How to make a chocolate Easter egg


Posted by Rebecca Seal

When I decided I’d have a go at making my own Easter eggs this year I didn’t use posh chocolate with masses of cocoa in it, although everything I read said I should. I wanted something that would take me back to the early morning sticky fingers of childhood so I bought milk chocolate (but not cooking chocolate) which melted and set well and tasted great, if tooth-numbingly sweet.

Following the homemade option also means that you can make your eggs ethical – the Fairtrade Foundation’s list of accredited chocolates grows longer by the year, so there’s plenty of choice. Or go through Rococo Chocolates, where you can buy one of the most ethically produced chocolates available: Grenada chocolate – a ‘tree-to-bar’ product made by a cooperative in Grenada which, unusually, grows and processes the beans into chocolate, enabling them to pass on more profit to the growers (please do let us know of any other good producers who deserve our custom).

via How to make a chocolate Easter egg | Life and style | guardian.co.uk.

2 Comments

  • Reply March 23, 2010

    Chantal Coady

    I remember making an egg once, when I was about 8. I used Cadbury’s dairy milk, melted in a pan, probably with a bit of something to help it dissolve. Then poured into the egg mould, and left in the fridge for many hours. I kept checking it, but it never quite set. I ended up chiselling it out of the mould, it was like plasticine, not delicious at all.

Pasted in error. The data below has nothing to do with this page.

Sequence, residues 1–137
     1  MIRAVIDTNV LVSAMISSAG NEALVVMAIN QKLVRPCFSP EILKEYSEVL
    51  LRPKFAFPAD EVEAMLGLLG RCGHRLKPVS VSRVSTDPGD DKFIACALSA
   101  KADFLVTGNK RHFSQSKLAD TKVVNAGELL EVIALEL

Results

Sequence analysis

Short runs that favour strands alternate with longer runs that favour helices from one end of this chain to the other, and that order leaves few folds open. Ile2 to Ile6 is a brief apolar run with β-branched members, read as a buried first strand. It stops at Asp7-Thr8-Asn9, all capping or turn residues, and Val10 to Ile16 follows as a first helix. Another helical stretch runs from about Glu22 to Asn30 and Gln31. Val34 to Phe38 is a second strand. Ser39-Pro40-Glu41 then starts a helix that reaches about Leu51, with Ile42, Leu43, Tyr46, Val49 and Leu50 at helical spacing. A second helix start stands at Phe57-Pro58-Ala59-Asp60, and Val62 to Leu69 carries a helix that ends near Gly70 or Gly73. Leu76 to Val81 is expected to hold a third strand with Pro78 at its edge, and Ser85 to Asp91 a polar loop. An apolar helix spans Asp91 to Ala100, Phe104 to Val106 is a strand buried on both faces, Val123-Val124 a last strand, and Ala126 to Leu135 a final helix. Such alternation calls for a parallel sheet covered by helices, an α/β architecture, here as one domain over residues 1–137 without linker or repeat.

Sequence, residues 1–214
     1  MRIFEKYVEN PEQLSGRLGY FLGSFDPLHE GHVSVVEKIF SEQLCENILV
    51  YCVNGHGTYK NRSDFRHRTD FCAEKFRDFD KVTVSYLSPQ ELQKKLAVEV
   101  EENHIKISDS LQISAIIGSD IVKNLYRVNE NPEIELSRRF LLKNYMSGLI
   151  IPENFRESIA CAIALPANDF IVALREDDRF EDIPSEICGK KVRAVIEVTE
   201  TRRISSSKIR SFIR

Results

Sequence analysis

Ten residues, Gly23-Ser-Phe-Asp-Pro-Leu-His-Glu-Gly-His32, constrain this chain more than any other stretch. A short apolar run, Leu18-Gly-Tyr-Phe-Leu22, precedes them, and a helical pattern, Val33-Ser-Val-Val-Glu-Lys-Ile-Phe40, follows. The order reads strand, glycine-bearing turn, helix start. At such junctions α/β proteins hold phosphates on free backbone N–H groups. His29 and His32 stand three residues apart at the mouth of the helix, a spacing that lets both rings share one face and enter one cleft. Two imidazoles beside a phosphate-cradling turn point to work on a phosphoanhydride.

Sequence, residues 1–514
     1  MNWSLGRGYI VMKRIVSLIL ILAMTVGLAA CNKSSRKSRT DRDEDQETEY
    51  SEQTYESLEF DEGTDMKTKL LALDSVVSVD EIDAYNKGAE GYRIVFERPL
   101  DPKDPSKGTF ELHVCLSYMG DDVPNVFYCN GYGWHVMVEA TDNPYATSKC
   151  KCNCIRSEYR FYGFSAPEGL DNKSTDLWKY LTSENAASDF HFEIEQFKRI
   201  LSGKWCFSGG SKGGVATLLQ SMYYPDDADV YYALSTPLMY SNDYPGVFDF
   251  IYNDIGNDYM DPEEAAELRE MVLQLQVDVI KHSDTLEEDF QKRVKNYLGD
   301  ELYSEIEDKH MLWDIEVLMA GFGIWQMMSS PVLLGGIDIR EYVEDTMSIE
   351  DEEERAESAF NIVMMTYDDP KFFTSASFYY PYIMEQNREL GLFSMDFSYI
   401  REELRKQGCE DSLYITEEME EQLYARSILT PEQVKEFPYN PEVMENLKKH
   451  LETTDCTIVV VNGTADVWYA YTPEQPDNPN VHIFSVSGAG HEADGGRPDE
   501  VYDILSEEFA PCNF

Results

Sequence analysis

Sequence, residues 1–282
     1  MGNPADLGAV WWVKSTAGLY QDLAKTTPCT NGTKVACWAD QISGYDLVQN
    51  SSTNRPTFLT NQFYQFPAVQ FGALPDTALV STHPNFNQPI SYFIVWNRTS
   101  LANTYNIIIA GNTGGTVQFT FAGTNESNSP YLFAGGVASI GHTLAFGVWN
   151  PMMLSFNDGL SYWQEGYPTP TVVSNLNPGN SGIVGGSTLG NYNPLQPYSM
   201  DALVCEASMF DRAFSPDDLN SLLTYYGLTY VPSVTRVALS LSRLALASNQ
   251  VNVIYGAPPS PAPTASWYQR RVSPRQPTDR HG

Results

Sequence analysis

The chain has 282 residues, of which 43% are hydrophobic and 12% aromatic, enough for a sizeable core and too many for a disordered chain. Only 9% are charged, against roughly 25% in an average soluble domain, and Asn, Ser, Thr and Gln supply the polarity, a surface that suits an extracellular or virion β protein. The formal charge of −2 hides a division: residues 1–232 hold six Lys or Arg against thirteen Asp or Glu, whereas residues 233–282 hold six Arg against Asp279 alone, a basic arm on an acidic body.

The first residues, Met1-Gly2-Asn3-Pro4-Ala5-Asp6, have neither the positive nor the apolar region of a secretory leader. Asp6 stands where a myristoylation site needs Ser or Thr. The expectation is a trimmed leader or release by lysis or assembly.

It is the sense of failure from this egg disaster which propelled me to immerse myself in the world of chocolate. Of course at the time there was no-one to tell me that I had used the wrong chocolate, and that I needed to temper it… All water for chocolate under the bridge now.

    • Reply March 24, 2010

      flickr

      Was that a transparent perspex mould? If so I don’t think it helped as it had a tortoise shell pattern that might have challenged the most well tempered of couvertures. In any case I’m happy to hear the trauma didn’t prevent you from persevering to the point where you were chosen to supply gifts for the G8 leaders.

      I think we were lucky to have a most tolerant mother to indulge our amateur gastronomy – I doubt I’d have attempted to make a tarte tatin at the age of 13 had I not been allowed to make all manner of baked disasters from an younger age. Do you remember making those awful mint fondants with green food colouring? I think HFS confessed to making those in his childhood too.

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